Labor’s dilemma is that while their policies serve the interests of the rich and powerful they are still reliant on the votes of ordinary working people to stay in office. With this being the case they are forced to spend all their efforts deceiving people about the true nature of their politics. Void of any substance, they mix Orwellian language and populism with policies that increase profits at the expense of people’s wages.
Inevitably people feel betrayed when the real nature of their policies is periodically revealed. As a result people view Labor as fundamentally the same as the Liberals [the conservative party in Australia]. In the absence of a real mass progressive alternative, working class voters often use the Liberals as a stick to beat Labor over the head with. Others are temporarily voting for parties like the Greens while some people are so despondent that they don’t bother to vote at all.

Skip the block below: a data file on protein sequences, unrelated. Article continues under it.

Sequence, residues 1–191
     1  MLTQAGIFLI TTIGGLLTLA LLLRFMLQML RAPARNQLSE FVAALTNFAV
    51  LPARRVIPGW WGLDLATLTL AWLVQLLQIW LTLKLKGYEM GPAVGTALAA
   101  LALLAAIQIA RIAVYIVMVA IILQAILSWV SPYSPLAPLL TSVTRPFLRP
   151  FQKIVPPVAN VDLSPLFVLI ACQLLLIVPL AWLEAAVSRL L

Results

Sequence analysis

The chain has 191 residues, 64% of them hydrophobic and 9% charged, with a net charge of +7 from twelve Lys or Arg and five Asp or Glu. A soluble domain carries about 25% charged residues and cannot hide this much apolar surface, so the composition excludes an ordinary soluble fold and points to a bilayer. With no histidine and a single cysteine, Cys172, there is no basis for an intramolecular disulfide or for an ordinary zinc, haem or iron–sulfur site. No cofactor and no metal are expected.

Tony Abbot and the Liberals
It is this general process, rather than any love for Tony Abbott [leader of the Liberals], that is behind Labor’s poor poll results and the recent leadership tensions.
It is likely that with Rudd at the helm the election will be a lot closer. Regardless of whether Rudd, Abbott or some type of minority government comes to power, the next parliament will be no friend of ordinary people.